V for viruses, what are they anyway…

a virus particle (sometimes called a virion) is nothing like either a prokaryotic cell or a eukaryotic cell. Viruses are much smaller than even the smallest bacterium. Most are between 0.01 and 0.1 µm in length or diameter. This makes them at least 1000 times smaller than the smallest bacterium and 1 000 000 times smaller than most human cells.

Th particle of a virus is called a virion. All virions contain at least two components: • a protein shell or capsid and DNA or RNA as the genetic material

Some also have a membrane made from lipids and proteins outside the capsid and other proteins and enzymes inside the capsid
Because they do not have the major organelles that are present in living cells, virus particles can’t carry out any of the normal metabolic processes of cells, such as:
• respiration
• protein synthesis
• DNA replication
• photosynthesis
• active transport
• facilitated diffusion
• any other process requiring control by enzymes or the presence of proteins
As a result, all viruses are parasites. Th only way they can reproduce is to invade cells, ‘hijack’ the normal metabolic processes of those cells, and make the cells produce more virus. Once produced, the viruses escape from the cell and infect other cells. Figure below shows how this happens in two different types of viruses. Other viruses adopt different strategies.

Classifying viruses

It is difficult to classify viruses because, even though they have a basic structure, there is a great deal of variation in their shape and the way in which they infect cells. However, they can be classified into three main groups, based on the nature of their genetic material and the way in which it is expressed. These groups are:
DNA viruses – for example, Herpes simplex (causes cold sores)
RNA viruses – for example, H1N1 virus (causes swine fl)
retroviruses – for example, HIV (causes AIDS)

DNA viruses

When a DNA virus infects a cell, the viral DNA can replicate itself and can also control the synthesis of virus proteins, so that the new DNA and new protein can be assembled into new virus particles.

RNA viruses

When an RNA virus infects a cell, its RNA can be used to synthesize more viral proteins, including an enzyme that controls the synthesis of more RNA. Th new RNA and new proteins can be assembled into new virus particles. With the exception of the RNA viruses, all organisms store their permanent information in DNA, using RNA only as a temporary messenger for information. DNA is quite a stable molecule, is not very reactive with other molecules, and replicates very accurately. In contrast, RNA is quite unstable and makes frequent mistakes during copying. But these very properties make RNA ideal for the storage of viral information. Once the host’s immune system has learned to recognize an infecting virus and create antibodies against it, it can quickly destroy it, and the virus needs to change its nature so that the host’s immune system will no longer recognize it – it must mutate. Th unstable nature of RNA allows RNA viruses to evolve far more rapidly than DNA viruses, frequently changing their surface structure.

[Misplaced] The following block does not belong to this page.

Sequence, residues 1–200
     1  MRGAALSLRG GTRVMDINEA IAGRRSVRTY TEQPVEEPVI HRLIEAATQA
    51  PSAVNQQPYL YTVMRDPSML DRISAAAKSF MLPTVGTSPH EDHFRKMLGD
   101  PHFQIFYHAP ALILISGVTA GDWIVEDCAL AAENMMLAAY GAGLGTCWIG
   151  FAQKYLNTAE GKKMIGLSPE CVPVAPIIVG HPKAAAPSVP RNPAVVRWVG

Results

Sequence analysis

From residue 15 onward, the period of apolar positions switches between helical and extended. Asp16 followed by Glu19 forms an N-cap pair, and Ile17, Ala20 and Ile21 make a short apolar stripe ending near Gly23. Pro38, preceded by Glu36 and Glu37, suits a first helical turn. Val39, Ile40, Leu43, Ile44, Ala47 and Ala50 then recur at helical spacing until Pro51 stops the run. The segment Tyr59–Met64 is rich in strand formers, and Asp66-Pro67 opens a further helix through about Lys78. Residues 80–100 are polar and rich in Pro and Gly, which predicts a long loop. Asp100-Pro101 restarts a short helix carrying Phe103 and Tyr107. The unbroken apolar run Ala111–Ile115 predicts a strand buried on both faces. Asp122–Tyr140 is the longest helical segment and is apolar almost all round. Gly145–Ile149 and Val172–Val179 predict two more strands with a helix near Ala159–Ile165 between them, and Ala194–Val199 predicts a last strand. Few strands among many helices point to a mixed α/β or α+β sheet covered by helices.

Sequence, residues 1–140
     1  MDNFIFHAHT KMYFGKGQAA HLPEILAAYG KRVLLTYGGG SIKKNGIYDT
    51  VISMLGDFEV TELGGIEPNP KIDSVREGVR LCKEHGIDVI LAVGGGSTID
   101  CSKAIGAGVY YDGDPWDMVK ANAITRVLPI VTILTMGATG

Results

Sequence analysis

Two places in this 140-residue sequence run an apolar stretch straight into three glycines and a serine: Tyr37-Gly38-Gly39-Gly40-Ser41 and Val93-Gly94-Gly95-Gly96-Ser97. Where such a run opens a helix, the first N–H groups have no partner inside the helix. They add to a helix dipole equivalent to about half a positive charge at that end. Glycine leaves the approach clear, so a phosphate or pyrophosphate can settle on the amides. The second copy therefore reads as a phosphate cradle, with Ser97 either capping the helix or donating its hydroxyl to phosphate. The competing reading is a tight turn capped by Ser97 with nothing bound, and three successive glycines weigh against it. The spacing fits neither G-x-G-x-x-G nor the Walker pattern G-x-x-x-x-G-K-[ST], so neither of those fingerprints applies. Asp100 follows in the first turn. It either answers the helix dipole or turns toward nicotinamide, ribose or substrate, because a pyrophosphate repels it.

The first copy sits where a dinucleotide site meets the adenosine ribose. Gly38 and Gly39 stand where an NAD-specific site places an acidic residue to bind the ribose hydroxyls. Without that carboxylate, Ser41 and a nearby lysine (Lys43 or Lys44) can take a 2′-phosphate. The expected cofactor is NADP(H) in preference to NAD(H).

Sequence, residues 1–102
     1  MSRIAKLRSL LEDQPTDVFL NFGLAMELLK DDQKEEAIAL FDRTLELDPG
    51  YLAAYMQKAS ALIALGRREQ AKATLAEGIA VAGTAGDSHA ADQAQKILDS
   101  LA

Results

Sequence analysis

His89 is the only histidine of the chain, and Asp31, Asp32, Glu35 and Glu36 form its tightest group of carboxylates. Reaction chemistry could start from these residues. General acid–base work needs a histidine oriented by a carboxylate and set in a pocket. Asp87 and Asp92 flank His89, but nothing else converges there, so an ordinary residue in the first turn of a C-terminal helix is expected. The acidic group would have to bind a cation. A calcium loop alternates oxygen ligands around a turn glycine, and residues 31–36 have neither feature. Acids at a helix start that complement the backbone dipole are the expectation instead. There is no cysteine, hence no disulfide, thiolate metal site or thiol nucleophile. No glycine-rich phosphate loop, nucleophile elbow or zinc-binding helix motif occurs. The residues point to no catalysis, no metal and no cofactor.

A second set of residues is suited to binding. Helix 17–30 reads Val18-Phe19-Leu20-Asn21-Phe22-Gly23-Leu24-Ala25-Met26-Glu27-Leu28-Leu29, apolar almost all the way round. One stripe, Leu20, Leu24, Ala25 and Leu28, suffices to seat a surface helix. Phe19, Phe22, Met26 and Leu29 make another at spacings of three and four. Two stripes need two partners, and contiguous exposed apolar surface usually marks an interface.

Retroviruses also contain RNA, but replicate in a different way. When they infect cells, they release into the cells their RNA and an enzyme that causes it to be ‘reverse-transcribed’ into DNA. This then controls the formation of more viral protein and RNA that can be assembled into new virus particles. Viruses can also be classified by the type of organism they infect:
• animal-infecting viruses
• plant-infecting viruses
• bacteria-infecting viruses – these are called bacteriophages

Bacteriophages have a really unusual shape – they look rather like a lunar landing module!

Virus reproduction.. more of multiplication tho

Yes, they do get busy, grow up.

Much of our knowledge about how viruses are reproduced comes from work on bacteriophages. One bacteriophage in particular, called T4, has been studied more than any other. Its reproductive cycle is shown in figure below

This type of life cycle is called a lytic cycle because it causes the rupture (lysis) of the host cell. From research on bacteriophages, we know that this is not the only type of reproductive cycle in viruses. Sometimes, instead of causing the cell to burst and release the viruses all at once, a few at a time are released by exocytosis through the plasma membrane. This type of life cycle is called a chronic release cycle, because release of new viruses is ongoing (chronic). In other cycles, the virus’s DNA becomes incorporated into the DNA of the host cell. Each time the cell divides, the DNA is replicated, and each daughter cell gets a copy of the cell’s DNA, which now includes the virus DNA. This can continue for many generations until some factor in the environment triggers the virus DNA to start producing virus proteins. Then whole viruses are assembled, which then leave the cell either by causing cell lysis (splitting), or by chronic (ongoing) exocytosis from the plasma membrane. This type of life cycle is called a lysogenic cycle.

Modes of virus transmission As well as having different reproductive strategies inside the host cell, different viruses also enter cells in different ways.
• Th bacteriophage injects just its DNA; the rest of the virus remains outside the cell.
• Many (but not all) animal viruses manage to get the whole virus inside the cell. This is done by tricking the cell into bringing the virus into the cell in the same way as it would with any large protein molecule – using the process of endocytosis.

Leave a Reply

Your email address will not be published. Required fields are marked *